Facebook, Google and Yahoo: Building Efficient Data Centers
Energy Use in our Data Centers
Data centers house information technology equipment, such as any computer system and associated components required to keep a website functioning. Anytime you GChat, Like a company on Facebook, make a mention on Twitter, or post an article to your blog --in short, anytime you use the internet-- your web device communicates with a data center.
Not too surprisingly, all this communication requires an extraordinary amount of electricity. This cut out from a longer infographic illustrates their impact:
The upside to all this energy use is that changes to these data centers can create huge results. For instance, according to an article at Reuters.com, through energy efficiency measures, Google is able to use less than one percent of electricity used by the world's data centers, even though it is responsible for 2.8% of the world's server volume.
Facebook, Yahoo and many other companies are taking similar steps, which is important considering that "the energy demands of the internet are increasing by 10% each year."
Building Efficient Data Centers
Data center efficiency is measured using Power Usage Effectiveness (PUE). This rating compares total energy entering the data center to the power used by the equipment, so a PUE of 1 is ideal.
For the record, Google's data centers, which are highly efficient, boast a PUE of around 1.16 and the average data center PUE is around 2.
There are a number of ways data centers can increase efficiency:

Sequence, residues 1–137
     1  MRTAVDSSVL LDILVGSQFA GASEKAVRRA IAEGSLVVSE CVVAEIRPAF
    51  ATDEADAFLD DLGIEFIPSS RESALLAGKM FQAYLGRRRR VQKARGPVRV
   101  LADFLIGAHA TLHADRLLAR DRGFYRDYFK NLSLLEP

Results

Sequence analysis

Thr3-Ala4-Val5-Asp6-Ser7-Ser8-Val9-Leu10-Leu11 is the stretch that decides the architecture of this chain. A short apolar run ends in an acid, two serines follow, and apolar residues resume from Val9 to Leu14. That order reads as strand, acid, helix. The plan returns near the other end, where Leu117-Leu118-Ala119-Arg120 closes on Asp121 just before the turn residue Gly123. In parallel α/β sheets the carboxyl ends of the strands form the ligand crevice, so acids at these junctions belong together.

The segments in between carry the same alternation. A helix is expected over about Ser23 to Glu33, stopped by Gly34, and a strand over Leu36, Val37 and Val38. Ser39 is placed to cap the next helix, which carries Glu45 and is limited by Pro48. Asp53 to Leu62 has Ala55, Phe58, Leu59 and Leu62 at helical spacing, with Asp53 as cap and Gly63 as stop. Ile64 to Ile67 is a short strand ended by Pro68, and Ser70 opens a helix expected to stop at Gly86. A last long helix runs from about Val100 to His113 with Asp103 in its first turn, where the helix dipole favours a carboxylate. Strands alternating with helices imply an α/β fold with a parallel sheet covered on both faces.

Individual companies, fueled by both environmental and financial concerns, are taking further steps to increase efficiency:
The Development of an Energy Standard
This past May, Energy Star announced a data center certification program. The standard consists of three guiding principles which all servers must meet. These principles are designed "to help the industry have a common understanding of energy efficiency metrics that can generate dialogue to improve data center efficiencies and reduce energy consumption" (Energy Star). In other words, Energy Star is trying to establish a common benchmark for data center efficiency, and maybe then create a strict standard.
While this is a step in the right direction, the requirements are receiving many critiques. The main issue is that the standard focuses on the power supply, but not the overall efficiency of the server. Austin Hipes, vice president of technology at Network Engines Inc explains, "What it doesn't tell you today is what type of workload you can do for each unit of energy consumed."
Though we typically think of the paperless internet often as a way to save paper and go green, the energy and components required for our browsing sum up to have a large impact on our environment. It's great news that web-based companies are moving towards greening their technologies, and hopefully the financial incentive to do so will push the rest in a similar direction.